Saturday, 22 February 2014

9 Months of Topical Steroid Withdrawal

So today marks 9 months of ceasing topical steroid treatment and about 6 months of completely stopping the use of immunosuppressants.

I'm not gonna lie and say I'm doing fantastically well but I can definitely say that my life is back and I am now able to do so many things that I previously couldn't do. I think my last update is nearly 2 weeks old and in that time my skin has gone backwards and forwards, which is why I didn't really want to collate another post to show you that it has regressed again as it gets pretty boring really. It is comfortable enough to live with and I think that's fine by me, especially going by what I was like this time last year! In fact when I say regression what I mean is my face has gone a bit pink and flaky, my chest and neck have some eczematic parts and my arms are scratched, but my skin is much tougher now so it's not as though I'm sloughing it off with every touch. I should be more grateful really.

So if we look back... showering and getting dressed could take hours and hours, on a bad day I wouldn't even be able to put clothing on! Nowadays however, I can be out of the shower, have a bit of moisturiser on and dressed within 30 mins. Not bloody bad if you ask me! I can also stand to do stuff after I've spent the day at work without having to run headlong for the shower, and even if I do need a shower after work, I'm pretty sure I can be ready to leave the house again shortly after.

Also the way my skin is physically is very different. I was thinking the other day that my skin doesn't peel off in humongous pieces as it used to. It was kind of akin to sun burn peel where you pull a bit and an entire sheet of skin comes off(!), I remember the satisfaction of pulling all of my eyelid skin off in one swift movement. I'm a delight I know. Yet now it's more powdery in formation and isn't quite as joyous I suppose. It's quite dandruff like again.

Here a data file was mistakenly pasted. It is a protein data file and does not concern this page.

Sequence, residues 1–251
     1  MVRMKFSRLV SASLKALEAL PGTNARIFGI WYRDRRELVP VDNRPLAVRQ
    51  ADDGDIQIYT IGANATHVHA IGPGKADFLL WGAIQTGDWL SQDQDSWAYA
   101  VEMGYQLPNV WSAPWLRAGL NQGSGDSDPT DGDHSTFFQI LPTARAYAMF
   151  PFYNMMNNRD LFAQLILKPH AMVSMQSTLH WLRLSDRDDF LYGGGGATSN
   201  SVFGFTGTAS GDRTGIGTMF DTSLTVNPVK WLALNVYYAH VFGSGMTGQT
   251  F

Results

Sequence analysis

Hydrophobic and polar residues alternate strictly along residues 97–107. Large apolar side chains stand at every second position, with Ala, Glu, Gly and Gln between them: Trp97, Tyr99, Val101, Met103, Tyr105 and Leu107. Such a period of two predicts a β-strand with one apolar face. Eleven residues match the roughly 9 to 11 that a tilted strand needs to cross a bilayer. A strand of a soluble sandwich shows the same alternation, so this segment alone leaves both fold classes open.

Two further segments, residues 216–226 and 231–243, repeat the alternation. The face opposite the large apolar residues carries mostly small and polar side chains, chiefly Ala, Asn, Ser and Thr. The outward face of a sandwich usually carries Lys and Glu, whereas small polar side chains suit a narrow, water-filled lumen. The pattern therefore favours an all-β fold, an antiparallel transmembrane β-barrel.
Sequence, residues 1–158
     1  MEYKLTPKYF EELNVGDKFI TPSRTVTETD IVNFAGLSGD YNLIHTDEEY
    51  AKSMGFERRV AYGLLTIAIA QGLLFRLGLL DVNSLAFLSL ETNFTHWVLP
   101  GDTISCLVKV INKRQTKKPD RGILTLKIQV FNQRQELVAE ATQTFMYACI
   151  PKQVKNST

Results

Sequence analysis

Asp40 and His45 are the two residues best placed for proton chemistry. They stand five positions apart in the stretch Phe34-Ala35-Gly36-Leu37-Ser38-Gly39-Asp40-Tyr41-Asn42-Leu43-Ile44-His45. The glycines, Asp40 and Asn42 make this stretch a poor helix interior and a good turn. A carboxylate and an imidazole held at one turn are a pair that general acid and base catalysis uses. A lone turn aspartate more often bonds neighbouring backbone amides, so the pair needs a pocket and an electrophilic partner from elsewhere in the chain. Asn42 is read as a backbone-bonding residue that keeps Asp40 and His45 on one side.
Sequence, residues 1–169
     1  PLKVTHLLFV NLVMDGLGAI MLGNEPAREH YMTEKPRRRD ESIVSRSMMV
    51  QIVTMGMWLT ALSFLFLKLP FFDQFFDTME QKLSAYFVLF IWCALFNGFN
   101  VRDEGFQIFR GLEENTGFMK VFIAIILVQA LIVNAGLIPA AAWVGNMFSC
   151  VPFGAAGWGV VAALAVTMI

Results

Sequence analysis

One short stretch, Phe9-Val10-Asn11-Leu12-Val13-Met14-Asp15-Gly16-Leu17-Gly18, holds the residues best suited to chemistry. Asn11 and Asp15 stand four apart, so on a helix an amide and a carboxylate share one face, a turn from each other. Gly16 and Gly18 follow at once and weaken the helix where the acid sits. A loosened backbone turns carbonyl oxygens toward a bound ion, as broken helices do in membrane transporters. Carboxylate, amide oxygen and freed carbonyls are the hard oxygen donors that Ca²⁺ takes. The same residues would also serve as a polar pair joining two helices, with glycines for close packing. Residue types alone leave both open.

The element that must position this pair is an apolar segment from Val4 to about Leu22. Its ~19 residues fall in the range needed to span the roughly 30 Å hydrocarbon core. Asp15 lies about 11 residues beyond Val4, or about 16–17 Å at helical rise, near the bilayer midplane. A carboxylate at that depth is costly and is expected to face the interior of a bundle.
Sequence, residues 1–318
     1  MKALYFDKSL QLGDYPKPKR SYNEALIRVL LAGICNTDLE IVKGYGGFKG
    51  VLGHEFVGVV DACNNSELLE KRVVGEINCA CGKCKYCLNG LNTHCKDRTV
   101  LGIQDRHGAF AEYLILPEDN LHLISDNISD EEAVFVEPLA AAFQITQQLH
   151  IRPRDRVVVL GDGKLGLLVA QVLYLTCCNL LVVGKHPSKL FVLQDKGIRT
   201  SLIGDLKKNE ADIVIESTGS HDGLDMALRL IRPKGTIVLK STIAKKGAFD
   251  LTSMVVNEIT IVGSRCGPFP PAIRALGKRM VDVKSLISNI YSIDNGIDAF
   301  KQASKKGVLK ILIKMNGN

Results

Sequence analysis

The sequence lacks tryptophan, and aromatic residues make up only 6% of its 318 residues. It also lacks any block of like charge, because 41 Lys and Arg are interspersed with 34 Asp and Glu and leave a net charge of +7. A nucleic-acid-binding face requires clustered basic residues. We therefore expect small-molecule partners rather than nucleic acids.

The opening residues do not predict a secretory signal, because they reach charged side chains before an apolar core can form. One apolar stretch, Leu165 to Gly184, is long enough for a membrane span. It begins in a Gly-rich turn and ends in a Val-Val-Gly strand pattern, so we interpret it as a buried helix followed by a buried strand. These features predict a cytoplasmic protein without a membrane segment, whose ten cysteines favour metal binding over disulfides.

I'm now off work for 2 weeks to go gallivanting up to Edinburgh for a couple of days and also bypassing my family and the cats on the way there (and back) so it will be interesting to see how I get on.

I do hope that everyone is doing well!x

Thursday, 6 February 2014

Topical Steroid Withdrawal 8.5 Months

Ok so finally the flare that arrived at the beginning of the year appears to be dying down but I am left with a stinking cold which isn't too nice. I hope the weakness in my immune system doesn't bring on another bout of bloody eczema herpeticum, that'd be all I need!

My arms still aren't great as Shane found out to his annoyance as I kept him up in the night with my incessant scratching. Sorry dear! For those who don't realise the implications my skin have had on my relationship; Shane and I haven't shared a bed, unless staying in a hotel, for probably about a year. Really. This isn't how life is supposed to be! In time I'm sure the habitual night time scratching will cease and we can sleep in the same bed but at current I'm just too irritating to sleep next to. Plus he sleeps with his mouth open - ew!

Taken in the hallway which doesn't get as much light but I'm pale all over yay :D

Excuse the messy hair. I haven't had it cut in over a year!

Horrid bumpy, thickened texture.

The eyebrows that I gained back in around September have since disappeared as I've scratched at my face but as I said in my post from the other day, lots of baby hairs have started to sprout from my head so I can't be too disheartened. I'm actually wondering if the hair growth can be attributed to me taking the Vitamin D supplement. People say it usually takes weeks or months to make a difference but it's certainly a funny coincidence that after just a few days I notice all this new hair growth. Perhaps my system reacts quickly with working treatment, it certainly did in the past when I used Ciclosporin, where within 24 hours my skin was radically different, as you can see in the image at the bottom of this post.

Let's just hope this keeps up and in time as my skin strengthens I can use make-up again to draw on those pesky non-existent eyebrows... just like the old days!

Hope everyone else is doing well?

Wednesday, 5 February 2014

The Eczema Itch

Banner from

Recently I was asked if I'd like to take part in sharing my story for a project entitled "The Eczema Itch" for Multimedia Journalism student, Zoe Woodbridge, to discuss my personal take on topical steroid withdrawal. Of course I said yes!

As an eczema sufferer herself, Zoe wanted to use her own experiences as a topic for her university project to explore the symptoms and treatments of eczema. With a particular interest in the controversies surrounding steroid addiction, she wanted to branch out to others to hear their stories and ask professionals who diagnose and treat it.